JEAN DUNAND – a lacquered metal and eggshell vase, c.190 / 70,000-100,000 euros
CLEMENT ROUSSEAU – Three rosewood veneer, shagreen and ivory occasional tables, c.1920-25 / 78,000-112,000 euros
EILEEN GRAY – ebonised oak, sycamore, glass top, ivory handles table-desk, 1919-1922 / 220,000-320,000 euros
BERNARD BOUTET DE MOVEL – S.A.R Le Maharadjah d’Indore, an oil on canvas / 200,000-300,000 euros
Bernard Boutet de Monvel
Madame Agnès’s showroom, 1927
– All images courtesy of Sotheby’s –
Kaiser designer Karl Lagerfeld transformed during Paris Fashion Week 2014 Paris’ Le Grand Palais into the most amazing giant supermarket to debut Chanel’s womenswear collection show attended by well-heeled celebrities such as pop star Rihanna and model Cara Delevingne who gladly partook in the fanciful supermarket sweep. The flamboyant aisles were replete with 500-odd Chanel-branded products in packaging designed specially for the show with over 100,000 mocked-up items on the shelves such as condiments, pastas, oils and vinegars, cheeses, charcuterie, brooms, dusters, fruits, vegetables, breads, alcohol, mops and more all stamped with the iconic luxury brand logo.
Complete and utter genius if you ask A-Gent of Style.
After the show was over, a tannoy announcement came out: “Dear valued customer, the Chanel store is closing. Please pick up complimentary fruit and vegetables as you leave”, which prompted a supermarket sweep as audience members pillaged and looted the shelves. Editors pounced on the non-perishable items with the Mademoiselle Privé doormats being the number one prized item to go first. Some of you might have seen some of the brilliant Instagram photos and videos by Anna Dello Russo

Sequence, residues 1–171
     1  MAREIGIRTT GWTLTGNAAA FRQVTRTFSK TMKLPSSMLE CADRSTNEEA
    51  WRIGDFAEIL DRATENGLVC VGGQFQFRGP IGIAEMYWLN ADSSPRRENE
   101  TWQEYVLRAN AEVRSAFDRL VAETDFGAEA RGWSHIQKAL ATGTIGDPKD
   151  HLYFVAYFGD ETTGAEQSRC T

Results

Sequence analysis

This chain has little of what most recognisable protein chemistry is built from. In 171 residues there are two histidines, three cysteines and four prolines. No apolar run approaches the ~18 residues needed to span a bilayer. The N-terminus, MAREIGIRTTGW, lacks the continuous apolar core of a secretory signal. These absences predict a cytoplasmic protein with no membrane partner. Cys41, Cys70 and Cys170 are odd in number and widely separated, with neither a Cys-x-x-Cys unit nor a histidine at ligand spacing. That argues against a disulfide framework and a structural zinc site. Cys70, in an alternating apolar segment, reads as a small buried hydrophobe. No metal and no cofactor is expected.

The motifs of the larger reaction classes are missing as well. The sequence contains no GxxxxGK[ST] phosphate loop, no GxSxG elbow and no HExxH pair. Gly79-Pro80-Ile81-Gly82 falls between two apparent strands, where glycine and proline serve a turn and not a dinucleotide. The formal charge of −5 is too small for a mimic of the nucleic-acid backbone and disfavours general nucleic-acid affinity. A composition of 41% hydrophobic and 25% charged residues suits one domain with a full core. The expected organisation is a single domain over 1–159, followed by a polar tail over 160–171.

Oh and the clothes? Candy-coloured tweed suiting came layered over purple glittery tops and metallic jeans. Elsewhere, tissue-thin leather tracksuit trousers were partnered up with sporty quilted cropped jackets, all set off with sneakers – some extending to boots – padlock necklaces or multi-strand pearls and full ponytails streaming in tweed rags.
“I wanted to show the ease of the clothes, the way they walk in those shoes, the modern approach even to luxury”, professed Kaiser Karl. “Luxury should not be something like this, confined to a limited thing, that if you are lucky enough that you can buy those things, buy them, but don’t wear them to show people how rich you are. The big thing in Chanel is that we can play with everything and do whatever we want. Nobody tells us what to do, we are totally free. Which is nice.”
Who said food-shopping shouldn’t be glamourous and that you couldn’t wear your sunnies in a superstore!? After seeing these images, even going to Waitrose will seem utterly dire.
Today’s post, the first of a few exciting projects and events
A-Gent of Style will be involved in at the beginning of this year, is about Art Deco. The French Art Deco. The high-end kind of Art Deco. The iconic kind of Art Deco.